Vietnam ‘caught between a rock and a hard place’ as US-Russia rivalry deepens

By An Dien, Thanh Nien News

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A Russian TU-95 bomber flies through airspace northwest of Okinoshima island, Fukuoka prefecture in the southern island of Kyushu, in this picture taken by Japan Air Self-Defence Force and released August 22, 2013. Photo credit: Reuters

Hanoi has sought to assuage Washington’s concerns about Russia refueling military planes at a former American base in Vietnam at a time when the two former foes are seeing a rapid thaw in bilateral relations.
“We have independent policies on foreign relations,” Pham Quang Vinh, the new Vietnam ambassador to the US, told the audience at an interaction Tuesday at the Washington-based think tank Center for Strategic and International Studies.
“We will not let our relations with any country [be harmed] by a third party," Vinh said.
“We open our facilities to all countries for services and logistics. It is not presumed to be harmful to any other country.”
On March 11 newswire Reuters reported that the US had asked Vietnam to stop letting Russia use the strategic Cam Ranh Bay to refuel nuclear-capable bombers. General Vincent Brooks, commander of the US Army in the Pacific, was quoted as saying that the planes had conducted "provocative" flights, including around the US Pacific Ocean territory of Guam, home to a major American air base.
At the interaction, Ted Osius, the new US ambassador to Vietnam, said, “We think the Russians put the Vietnamese in an awkward position by using their arrangement and then engaging in some provocative acts.”
Cam Ranh Bay, a natural deep-water harbor, is now the base for three submarines bought by the Vietnamese Navy from Russia, with two more expected by early next year.
Just as China began flexing its muscles in the East Sea (the Vietnamese term for the South China Sea), in 2011 the Obama administration announced America’s vaguely assertive plans for a so-called “pivot" towards the Asia-Pacific region.
When China towed an infamous giant oil rig into Vietnamese waters last May, the US was a vocal critic of China’s claims, salivating over the prospect of greater access to Cam Ranh Bay as part of its "pivot".
July 12 will mark the day the US lifted its two-decade embargo on Vietnam in 1995. Under banners and programs pledging “20 more successful years,” politicians and observers from both sides are looking forward to broadening and deepening the bilateral “friendship, trust and collaboration” as Vinh wrote recently in an op-ed for The Diplomat, an online magazine that covers Asia-Pacific issues.
It is in this context that the US “concern” about the Russian role in the Cam Ray Bay should not come as a surprise to Vietnam, analysts say.
“Other Asian countries like Malaysia and the Philippines have tried to benefit from enhanced military relations with the US only to find themselves drawn deeper into the web of regional and global rivalry and geopolitics,” Mark Valencia, a Hawaii-based expert, told Thanh Nien News.
“There is no free lunch. More in the way of military and strategic assistance are likely to be ‘requested’ of Vietnam as its ties with the US and US-China and US-Russia ‘competition’ deepen.”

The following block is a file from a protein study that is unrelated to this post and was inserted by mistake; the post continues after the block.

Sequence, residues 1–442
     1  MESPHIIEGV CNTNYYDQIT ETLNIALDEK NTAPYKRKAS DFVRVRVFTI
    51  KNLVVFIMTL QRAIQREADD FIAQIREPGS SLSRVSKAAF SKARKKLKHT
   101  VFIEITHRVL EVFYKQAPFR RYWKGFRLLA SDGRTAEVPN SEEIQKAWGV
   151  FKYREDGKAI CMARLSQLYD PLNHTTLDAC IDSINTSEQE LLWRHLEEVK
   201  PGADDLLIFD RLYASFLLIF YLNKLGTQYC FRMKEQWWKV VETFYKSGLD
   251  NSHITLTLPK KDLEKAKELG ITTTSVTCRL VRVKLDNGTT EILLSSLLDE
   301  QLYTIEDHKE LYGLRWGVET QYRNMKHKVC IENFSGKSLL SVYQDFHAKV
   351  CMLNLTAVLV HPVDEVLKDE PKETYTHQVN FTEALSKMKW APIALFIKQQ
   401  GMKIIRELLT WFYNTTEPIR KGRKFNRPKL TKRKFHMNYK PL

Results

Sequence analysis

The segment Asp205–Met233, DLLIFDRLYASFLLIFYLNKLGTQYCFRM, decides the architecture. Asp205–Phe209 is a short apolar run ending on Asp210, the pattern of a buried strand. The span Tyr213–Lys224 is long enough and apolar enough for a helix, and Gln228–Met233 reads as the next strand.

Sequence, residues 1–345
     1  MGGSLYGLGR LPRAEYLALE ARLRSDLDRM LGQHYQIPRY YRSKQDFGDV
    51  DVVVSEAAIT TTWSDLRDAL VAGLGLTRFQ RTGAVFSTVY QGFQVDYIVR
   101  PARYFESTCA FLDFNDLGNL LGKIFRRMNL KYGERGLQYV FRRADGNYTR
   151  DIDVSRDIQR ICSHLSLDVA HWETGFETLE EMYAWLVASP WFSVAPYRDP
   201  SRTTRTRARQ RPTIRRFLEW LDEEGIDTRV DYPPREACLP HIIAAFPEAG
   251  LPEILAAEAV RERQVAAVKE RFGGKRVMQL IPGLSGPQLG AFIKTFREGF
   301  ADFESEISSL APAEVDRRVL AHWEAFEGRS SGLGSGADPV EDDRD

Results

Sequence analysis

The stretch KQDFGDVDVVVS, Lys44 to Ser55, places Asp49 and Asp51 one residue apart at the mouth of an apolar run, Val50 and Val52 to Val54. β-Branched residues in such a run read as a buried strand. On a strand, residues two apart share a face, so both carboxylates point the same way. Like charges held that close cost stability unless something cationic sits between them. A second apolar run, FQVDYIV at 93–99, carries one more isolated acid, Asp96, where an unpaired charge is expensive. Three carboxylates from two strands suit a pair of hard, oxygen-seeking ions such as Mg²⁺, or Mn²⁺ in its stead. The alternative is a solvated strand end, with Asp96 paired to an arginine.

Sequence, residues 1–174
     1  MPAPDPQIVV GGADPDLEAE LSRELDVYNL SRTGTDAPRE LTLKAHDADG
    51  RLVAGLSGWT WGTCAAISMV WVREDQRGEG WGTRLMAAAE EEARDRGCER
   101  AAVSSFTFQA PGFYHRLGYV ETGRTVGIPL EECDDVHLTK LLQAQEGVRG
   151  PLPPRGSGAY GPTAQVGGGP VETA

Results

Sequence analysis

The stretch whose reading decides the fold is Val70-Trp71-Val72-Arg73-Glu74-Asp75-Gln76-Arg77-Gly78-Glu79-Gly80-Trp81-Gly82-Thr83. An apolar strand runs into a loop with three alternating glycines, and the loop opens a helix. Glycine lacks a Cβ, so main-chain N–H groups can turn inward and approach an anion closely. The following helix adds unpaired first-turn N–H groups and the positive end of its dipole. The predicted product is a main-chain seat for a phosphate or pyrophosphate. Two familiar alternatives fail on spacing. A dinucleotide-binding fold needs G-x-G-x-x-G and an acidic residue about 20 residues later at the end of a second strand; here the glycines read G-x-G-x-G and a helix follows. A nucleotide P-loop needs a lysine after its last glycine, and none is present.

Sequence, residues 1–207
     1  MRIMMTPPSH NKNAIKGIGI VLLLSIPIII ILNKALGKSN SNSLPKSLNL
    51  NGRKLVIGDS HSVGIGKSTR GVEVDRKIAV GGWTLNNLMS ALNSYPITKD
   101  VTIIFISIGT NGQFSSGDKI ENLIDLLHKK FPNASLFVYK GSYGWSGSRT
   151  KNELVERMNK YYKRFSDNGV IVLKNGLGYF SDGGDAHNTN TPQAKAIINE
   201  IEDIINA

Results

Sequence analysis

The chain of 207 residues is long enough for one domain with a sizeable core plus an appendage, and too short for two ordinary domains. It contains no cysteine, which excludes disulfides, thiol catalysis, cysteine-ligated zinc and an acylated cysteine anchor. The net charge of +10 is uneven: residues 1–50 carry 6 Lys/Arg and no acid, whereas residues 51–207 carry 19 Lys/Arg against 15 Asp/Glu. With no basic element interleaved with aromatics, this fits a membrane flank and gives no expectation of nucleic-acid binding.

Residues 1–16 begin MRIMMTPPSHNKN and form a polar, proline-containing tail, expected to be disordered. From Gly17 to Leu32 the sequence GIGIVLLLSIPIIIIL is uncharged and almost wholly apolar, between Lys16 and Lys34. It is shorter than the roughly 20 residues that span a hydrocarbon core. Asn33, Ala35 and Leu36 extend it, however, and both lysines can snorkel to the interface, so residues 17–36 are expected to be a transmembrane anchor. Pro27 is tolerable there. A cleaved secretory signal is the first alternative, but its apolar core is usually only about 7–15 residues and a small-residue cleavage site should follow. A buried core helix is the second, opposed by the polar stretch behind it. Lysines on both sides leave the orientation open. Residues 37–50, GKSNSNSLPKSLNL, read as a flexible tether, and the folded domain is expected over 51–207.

‘Strategic distrust’
Russia bristled at the US demand.
"It is strange to hear such statements from representatives of the state whose armed forces are permanently stationed in a number of Asia-Pacific countries and which continues to increase its level of military activity in the region," Reuters quoted a statement by the Russian defense ministry as saying March 13.
Konstantin Vnukov, Russia’s ambassador to Vietnam, also told Tass news agency the same day that Vietnam and Russia were independent sovereign states that "do not need any instructions or recommendations from anyone, and we do not intend to listen to requirements."
In 2013, at the Shangri-La Dialogue -- an annual high-profile regional security forum in Singapore -- Vietnam’s Prime Minister Nguyen Tan Dung called for unity among Southeast Asian countries as China asserts its claims to the energy-rich East Sea.
Beijing routinely outlines its territorial claims by referring to maps featuring a nine-dashed line that encloses about 90 percent of the 3.5 million square kilometer East Sea. Chinese maps featuring the line have been emphatically rejected by international cartographers. Moreover, the maps fly in the face of competing claims by four members of the Association of Southeast Asian Nations (ASEAN) -- Vietnam, the Philippines, Malaysia, and Brunei.
At the 2013 dialogue, stressing the need for "strategic trust", Dung said ASEAN must stay united and strong, without any of its 10 members "forced to take sides with one country or the other for the benefit of their own relationships with big powers."
But given the status quo, Sam Bateman, a maritime security researcher at Singapore's  S. Rajaratnam School of International Studies, told Thanh Nien News: “There is a marked lack of strategic trust in the region at present between the major powers leaving countries like Vietnam, which are trying to balance their relations between the different camps, to be caught up in the web of strategic distrust.
“As the saying goes, they are caught between a rock and a hard place," he said.
“All in all, it is a great pity that this major power competition has intruded into the politics of the South China Sea.”

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